Kool Kollectibles content

25 Jun 2020

ThreeZero DLX Scale Optimus Prime

I was pretty impressed with the ThreeZero DLX Bumblebee figure, so was definitely looking forward to their release of Optimus Prime. And they certainly didn't disappoint. The build quality, attention to detail, paint application, and articulation on this figure is outstanding!

Click through below to check out my full video review over on the Kool Kollectibles YouTube channel! Make sure to click that like button and subscribe to the channel 😀


The set doesn't really come with too many accessories, and I guess that's a reflection of what the character was seen with in the movie. Luckily what is provided is of high quality, with a great looking rifle and enough hands to cover most action poses. The main focus of course is on the figure itself, and it's most impressive!


If you're not thinking "Wow!" when you unbox this thing, then you mustn't be human! The sheer detail in this thing will have you pouring over all its features and being amazed at how they've assembled everything.

I've been told now that the style of the shoulders and forearms are to match the earthbound look that Optimus had in later scenes of the movie. In my review I thought they had made some error since it differed from the way he looked in the opening scene, but that was his Cybertron look. So ThreeZero have actually made it very accurate; unfortunately the DLX doesn't have swap out pieces like the larger Premium scale figure that will have swap out features for each mode.


Regardless, the way this figure moves is one of its most impressive aspects. The joints and various points of articulation all move so seamlessly, that seem completely organic and natural in a way that you'd imagine a real robot to move.

Each move reveals or hides some detail as appropriate, especially around the shoulders, elbows, and knees. It's amazing how small panels will adjust or move out of the way as you rotate or bend joints. Nothing seems too delicate or easy to break, although the instructions do give you some warning as to areas where you need to be more careful so as not to chip any paint if parts collide or scrape against each other.


The fanciest joint for me would have to be the ab crunch that reveals so much more detail in the rear spine. It's amazing how they were able to hide so much detail in the rear and have it appear effortlessly as you bend the figure forward. There's very little risk in paint damage, and it all feels silky smooth in its movement. It's a beautifully designed feature.


The legs, both front and back, have plenty of detail too. I'm not sure if the wheels are actually rubber, but they do feel like a slightly different material to the other surrounding plastic parts. On the point of plastic, the figure feels pretty heavy and there are definitely diecast parts on the internal components of the figure. But most of the external parts are plastic, but the paint application and weathering is so good, much of it looks like metal anyway.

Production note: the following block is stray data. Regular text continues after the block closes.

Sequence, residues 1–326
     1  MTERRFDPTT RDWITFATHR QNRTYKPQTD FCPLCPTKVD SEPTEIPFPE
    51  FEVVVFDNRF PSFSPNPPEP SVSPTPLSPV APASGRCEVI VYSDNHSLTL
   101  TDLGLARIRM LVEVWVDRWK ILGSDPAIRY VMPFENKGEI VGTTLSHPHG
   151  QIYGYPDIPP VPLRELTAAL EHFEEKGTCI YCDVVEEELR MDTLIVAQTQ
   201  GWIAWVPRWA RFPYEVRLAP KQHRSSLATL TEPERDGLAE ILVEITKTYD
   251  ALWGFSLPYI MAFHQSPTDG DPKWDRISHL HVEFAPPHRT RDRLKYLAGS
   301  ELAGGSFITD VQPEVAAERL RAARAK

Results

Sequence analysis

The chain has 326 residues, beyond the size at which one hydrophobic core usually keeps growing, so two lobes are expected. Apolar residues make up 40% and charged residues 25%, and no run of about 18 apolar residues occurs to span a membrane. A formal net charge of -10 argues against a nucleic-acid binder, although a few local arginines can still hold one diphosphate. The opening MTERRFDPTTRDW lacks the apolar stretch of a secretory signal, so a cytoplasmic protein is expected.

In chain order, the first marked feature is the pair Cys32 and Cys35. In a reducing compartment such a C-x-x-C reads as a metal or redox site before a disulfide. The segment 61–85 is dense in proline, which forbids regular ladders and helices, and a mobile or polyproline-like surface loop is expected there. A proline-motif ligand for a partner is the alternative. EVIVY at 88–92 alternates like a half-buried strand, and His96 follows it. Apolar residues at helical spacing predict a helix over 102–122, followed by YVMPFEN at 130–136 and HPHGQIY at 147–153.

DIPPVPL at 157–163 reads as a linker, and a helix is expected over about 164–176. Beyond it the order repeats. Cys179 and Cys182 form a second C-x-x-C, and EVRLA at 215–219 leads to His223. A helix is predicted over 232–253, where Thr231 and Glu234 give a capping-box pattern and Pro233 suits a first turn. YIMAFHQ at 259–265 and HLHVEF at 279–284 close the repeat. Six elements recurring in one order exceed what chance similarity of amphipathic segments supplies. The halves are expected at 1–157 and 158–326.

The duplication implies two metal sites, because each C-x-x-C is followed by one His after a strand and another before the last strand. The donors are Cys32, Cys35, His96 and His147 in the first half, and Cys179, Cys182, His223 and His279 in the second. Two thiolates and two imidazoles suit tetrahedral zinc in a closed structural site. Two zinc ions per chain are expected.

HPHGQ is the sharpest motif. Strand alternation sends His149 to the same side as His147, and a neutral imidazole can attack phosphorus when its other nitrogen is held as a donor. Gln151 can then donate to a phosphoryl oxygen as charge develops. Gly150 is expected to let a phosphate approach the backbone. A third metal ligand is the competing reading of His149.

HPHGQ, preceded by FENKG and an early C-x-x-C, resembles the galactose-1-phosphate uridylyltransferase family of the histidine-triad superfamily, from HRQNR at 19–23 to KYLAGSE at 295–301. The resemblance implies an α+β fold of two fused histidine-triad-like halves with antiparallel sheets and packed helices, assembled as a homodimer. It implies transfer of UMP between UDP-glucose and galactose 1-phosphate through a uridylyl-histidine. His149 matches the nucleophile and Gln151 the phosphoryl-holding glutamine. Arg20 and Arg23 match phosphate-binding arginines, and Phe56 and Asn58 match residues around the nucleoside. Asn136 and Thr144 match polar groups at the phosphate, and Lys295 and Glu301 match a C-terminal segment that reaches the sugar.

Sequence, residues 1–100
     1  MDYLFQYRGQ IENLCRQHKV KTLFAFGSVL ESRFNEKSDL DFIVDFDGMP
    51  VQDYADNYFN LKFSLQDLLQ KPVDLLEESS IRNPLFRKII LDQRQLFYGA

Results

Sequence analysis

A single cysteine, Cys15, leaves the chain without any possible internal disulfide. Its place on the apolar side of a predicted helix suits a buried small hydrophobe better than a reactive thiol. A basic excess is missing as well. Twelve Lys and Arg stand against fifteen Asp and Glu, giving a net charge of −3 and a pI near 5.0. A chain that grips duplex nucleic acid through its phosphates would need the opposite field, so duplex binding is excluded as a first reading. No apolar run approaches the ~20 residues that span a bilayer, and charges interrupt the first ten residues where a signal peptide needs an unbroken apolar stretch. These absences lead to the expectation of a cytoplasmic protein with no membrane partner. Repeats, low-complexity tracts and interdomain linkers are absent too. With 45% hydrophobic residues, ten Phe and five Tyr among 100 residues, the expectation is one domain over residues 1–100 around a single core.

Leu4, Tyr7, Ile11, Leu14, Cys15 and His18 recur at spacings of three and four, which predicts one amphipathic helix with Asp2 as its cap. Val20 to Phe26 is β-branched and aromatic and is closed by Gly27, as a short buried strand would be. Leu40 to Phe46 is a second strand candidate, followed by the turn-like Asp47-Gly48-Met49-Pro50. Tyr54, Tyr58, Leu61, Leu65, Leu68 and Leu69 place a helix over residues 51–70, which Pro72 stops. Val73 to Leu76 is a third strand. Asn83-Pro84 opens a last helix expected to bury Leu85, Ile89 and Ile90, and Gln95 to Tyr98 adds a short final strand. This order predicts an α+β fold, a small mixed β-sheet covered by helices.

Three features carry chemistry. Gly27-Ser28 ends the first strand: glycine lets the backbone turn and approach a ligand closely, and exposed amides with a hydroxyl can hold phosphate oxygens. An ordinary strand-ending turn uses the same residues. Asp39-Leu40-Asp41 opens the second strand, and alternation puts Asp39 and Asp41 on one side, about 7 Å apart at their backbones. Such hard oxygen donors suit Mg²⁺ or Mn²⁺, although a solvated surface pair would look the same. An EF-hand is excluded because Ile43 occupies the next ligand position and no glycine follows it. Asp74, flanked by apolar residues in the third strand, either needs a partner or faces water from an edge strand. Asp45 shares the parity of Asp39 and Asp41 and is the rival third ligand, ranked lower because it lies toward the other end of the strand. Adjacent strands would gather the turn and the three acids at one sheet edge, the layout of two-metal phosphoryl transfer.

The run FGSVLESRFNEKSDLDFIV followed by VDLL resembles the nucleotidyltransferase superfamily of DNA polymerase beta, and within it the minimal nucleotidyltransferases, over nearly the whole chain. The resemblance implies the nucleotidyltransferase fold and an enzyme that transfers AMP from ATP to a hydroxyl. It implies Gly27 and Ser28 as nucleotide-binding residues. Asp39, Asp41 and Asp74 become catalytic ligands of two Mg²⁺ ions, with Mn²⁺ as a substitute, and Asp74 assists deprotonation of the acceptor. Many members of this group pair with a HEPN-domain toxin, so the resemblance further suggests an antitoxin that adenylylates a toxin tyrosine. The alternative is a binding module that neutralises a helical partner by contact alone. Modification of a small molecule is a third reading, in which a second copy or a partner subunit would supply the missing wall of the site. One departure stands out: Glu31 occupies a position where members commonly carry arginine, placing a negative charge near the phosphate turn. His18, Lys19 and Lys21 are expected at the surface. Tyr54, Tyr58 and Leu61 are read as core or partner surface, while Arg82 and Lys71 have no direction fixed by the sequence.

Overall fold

The ankle articulation is probably the only part of the figure that I wish was improved. The tilt upwards to sufficient, but there is not a lot of movement downwards. This mean jumping poses (like that iconic scene from the 1986 movie) don't look as natural because you can't point his feet down like they would be if he was in the air. But in the scheme of things, it's a minor nitpick amongst all the other great aspects of the figure.


There's plent of articulation points to get him into many of the iconic poses. I love the way in which the hips panels all move out of the way on their own balljoints to give plenty of freedom in movement. They way the shoulder joint moves out to reveal the larger butterfly mechnism, coupled with a nice tilting motion in the torso, really make for natural action poses.


This Optimus figure perfectly complements the previous Bumblebee figure. ThreeZero certainly don't look to have lost any of the build quality set by that first figure. I passed on the Blitzwing figure because I didn't really like that character, but I can't wait to get the upcoming Soundwave!


Some collectors have claimed that the figure is not a true Transformers figure because it cannot transform. For me, the amazing level of detail and articulation in the figure more than makes up for the its lack of transformation. ThreeZero has made it clear this series is about delivering as much movie accurate details as possible in bot mode, and they've nailed that goal in incredible fashion.

For me, the TF Masterpiece series is what I go to for transforming figures, and I use that to get my G1 nostalgic fix. I'll be sticking with these ThreeZero DLX figures for all my non-cartoon representations of the characters.


The designs from the Bumblebee movie strike the perfect balance between a new, more modern style coupled with enough homages and hints to the original designs to satisfy G1 fans. I much prefer these over the far too busy and complicated designs from the Michael Bay movies.

In the end, ThreeZero have done complete justice to these new designs with a figure series that excels on all possible fronts. I just hope that after Soundwave, they continue the series and announce more of the characters that featured in the opening scene. That would truly make this a legendary series of TF figures that will be sought after pieces in Transformers collections for many years to come!


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